Device-related issues can affect voice quality before the audio
signal is encoded for transmission on the network, or after the
audio signal is received and decoded for playback on the client
speakers. Product defects or configuration errors in computer
hardware, peripherals, operating systems, drivers, enhancement
software (for example, additional audio programs or features that
are provided by device manufacturers or other vendors) can affect
Enterprise Voice quality if they interfere with the audio
processing algorithms of Office Communicator or Live Meeting
clients. Environmental issues (for example, device placement) can
affect Office Communicator, Live Meeting, and USB telephones.
Serverprovides device details in call quality reports, which
can be useful for tracking trends on a specific device version with
|The Optimized for Microsoft Office Communicator logo identifies
phones and other devices that are optimized for Office Communicator
2007 R2 and Office Communications Server 2007 R2. For details, see
Phones and Devices Optimized for Microsoft Office
Communicatorat Microsoft TechNet at
The following table describes hardware and software-related
voice quality issues.
Table 1. Hardware and
software-related voice quality issues
||Potential Symptoms and Causes
- Echo due to poor speaker or microphone isolation, which can
cause acoustic feedback. For example, a laptop computer that has
the microphone and speaker located close to each other could have a
problem with echo that is related to acoustic feedback.
- Low-fidelity audio input or output that is caused by a
microphone or speakers with insufficient frequency response.
- Extra latency introduced by the digital signal processor (DSP)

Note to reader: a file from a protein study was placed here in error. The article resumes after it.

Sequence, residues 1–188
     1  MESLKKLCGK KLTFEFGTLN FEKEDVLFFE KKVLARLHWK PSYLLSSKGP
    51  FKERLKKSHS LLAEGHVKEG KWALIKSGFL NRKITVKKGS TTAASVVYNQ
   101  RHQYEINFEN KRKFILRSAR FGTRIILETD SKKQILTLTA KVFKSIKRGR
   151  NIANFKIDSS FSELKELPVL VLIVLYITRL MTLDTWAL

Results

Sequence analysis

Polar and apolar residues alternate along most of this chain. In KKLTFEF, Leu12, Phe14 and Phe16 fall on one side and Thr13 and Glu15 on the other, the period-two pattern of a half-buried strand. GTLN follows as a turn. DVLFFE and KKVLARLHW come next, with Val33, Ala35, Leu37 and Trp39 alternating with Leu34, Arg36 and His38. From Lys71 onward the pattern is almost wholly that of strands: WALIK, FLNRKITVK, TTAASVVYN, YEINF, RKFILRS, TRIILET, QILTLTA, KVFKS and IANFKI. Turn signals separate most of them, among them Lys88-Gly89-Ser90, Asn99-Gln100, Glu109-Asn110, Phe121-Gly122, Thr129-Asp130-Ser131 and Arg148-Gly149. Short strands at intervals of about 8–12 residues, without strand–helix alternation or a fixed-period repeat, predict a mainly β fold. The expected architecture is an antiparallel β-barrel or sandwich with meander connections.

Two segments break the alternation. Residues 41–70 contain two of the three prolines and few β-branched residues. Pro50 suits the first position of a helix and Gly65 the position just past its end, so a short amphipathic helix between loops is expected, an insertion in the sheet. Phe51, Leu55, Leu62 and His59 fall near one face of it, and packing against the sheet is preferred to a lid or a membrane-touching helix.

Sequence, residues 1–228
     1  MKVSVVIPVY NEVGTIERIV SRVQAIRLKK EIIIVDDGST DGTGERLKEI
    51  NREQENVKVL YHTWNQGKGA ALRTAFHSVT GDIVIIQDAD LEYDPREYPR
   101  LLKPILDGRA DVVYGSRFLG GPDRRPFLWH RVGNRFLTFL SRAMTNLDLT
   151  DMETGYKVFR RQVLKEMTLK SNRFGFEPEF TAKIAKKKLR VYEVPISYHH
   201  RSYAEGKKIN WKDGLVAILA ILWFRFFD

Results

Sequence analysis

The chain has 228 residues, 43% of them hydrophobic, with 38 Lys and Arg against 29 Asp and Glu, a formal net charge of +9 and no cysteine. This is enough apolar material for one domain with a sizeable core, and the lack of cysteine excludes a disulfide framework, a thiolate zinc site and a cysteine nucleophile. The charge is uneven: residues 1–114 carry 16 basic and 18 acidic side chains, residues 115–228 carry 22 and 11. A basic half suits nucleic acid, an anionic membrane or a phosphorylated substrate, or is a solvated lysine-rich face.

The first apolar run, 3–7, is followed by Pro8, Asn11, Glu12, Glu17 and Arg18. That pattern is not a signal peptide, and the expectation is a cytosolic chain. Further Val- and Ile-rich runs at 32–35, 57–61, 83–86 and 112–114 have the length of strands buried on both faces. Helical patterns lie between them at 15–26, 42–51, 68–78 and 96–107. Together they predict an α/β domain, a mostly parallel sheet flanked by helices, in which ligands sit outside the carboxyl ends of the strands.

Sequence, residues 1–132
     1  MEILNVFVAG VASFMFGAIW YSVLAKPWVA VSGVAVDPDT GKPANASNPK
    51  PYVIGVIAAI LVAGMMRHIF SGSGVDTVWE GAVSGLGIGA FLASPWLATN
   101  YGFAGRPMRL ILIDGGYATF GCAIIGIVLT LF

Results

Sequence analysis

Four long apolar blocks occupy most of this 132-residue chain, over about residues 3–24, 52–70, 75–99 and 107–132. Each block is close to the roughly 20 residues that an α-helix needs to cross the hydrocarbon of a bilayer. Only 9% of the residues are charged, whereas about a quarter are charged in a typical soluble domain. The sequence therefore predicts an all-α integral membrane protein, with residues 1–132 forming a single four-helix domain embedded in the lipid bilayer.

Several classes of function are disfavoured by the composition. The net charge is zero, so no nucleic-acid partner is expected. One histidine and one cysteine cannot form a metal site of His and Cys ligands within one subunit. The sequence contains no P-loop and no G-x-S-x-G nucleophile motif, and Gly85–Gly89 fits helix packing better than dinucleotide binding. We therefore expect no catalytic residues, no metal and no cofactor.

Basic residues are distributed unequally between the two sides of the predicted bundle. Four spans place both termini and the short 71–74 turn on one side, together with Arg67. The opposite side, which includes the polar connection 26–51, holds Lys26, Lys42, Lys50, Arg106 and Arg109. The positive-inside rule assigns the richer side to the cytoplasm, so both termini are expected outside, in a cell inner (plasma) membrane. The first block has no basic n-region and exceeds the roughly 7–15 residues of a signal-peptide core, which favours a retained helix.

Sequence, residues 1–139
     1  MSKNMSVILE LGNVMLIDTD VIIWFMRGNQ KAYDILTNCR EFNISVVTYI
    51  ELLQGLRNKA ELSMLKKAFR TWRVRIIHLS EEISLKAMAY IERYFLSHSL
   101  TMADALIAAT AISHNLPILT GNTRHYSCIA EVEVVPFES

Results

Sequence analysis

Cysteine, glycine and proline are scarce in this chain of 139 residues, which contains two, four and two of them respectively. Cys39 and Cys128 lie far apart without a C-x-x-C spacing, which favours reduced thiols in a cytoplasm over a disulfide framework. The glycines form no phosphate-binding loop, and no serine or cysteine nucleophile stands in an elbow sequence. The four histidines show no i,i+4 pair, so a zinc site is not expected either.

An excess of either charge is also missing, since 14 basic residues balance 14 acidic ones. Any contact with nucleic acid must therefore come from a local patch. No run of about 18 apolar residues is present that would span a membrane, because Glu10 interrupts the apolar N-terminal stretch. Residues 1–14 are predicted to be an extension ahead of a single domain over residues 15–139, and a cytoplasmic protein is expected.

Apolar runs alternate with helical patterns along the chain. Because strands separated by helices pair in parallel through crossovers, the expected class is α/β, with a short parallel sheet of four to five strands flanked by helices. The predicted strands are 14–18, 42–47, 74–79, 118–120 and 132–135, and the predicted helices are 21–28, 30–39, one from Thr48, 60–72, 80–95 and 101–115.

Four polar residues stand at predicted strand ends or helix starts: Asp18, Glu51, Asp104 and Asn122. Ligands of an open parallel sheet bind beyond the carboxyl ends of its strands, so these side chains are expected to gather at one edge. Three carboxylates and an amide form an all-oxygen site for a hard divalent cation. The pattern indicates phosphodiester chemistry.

on the device.
- Half-duplex (one way at a time) conversations that is caused by
a built-in acoustic echo canceller (AEC) on the device.
- Audio cutouts that are caused by low signal-to-noise ratio on
- Low volume because the person who is speaking is too far from
- Low volume because of obstructions between the microphone and
the person who is speaking.
- Clipping that is caused by the microphone being too close to
the person who is speaking or because the person is speaking too
- Echo related to acoustic feedback because the microphone is too
close to the speakers, as in a small enclosed space, such as a
- Intrusive background noise because the microphone is too close
to a noise source such as a computer fan or hard drive.
- Audible breathing sound because the person speaking is too
close to the microphone.
- Acoustic feedback that is caused by multiple participants being
close enough to each other that their microphones pick each other
Excessive static noise
- Faulty device or device driver that corrupts the audio stream
at its source.
Hidden volume settings
- Main volume, microphone volume, and physical volume knobs on
headsets, as well as microphone boost settings and device driver
gain settings that can affect volume (and may not be obvious).
Incorrect device selection
- Plugging and unplugging devices, which can cause the latest
device to be used instead of a previously selected device (contrary
to the user expectation).
- Terminal servers or remote desktop sessions, which can change
- Multiple devices of the same type that have similar names.
- Use of unmatched microphone and speaker devices, which can
cause unexpected results (especially if a microphone and speaker
are designed to be used with each other, but the client computer
does not use them together).
- Extraneous noise caused by the microphone not being well
isolated from the speakers.
- Speaker volume is too low for hands-free use.
- Degraded voice quality caused by running the computer in
Use of extra audio enhancement software
- Separate audio enhancement software, which can interfere with
audio processing in Office Communicator 2007.
Low computer processing power
- Impaired audio processing caused by running too many programs
at once or by using a computer that does not meet the minimum
requirements for Office Communicator 2007.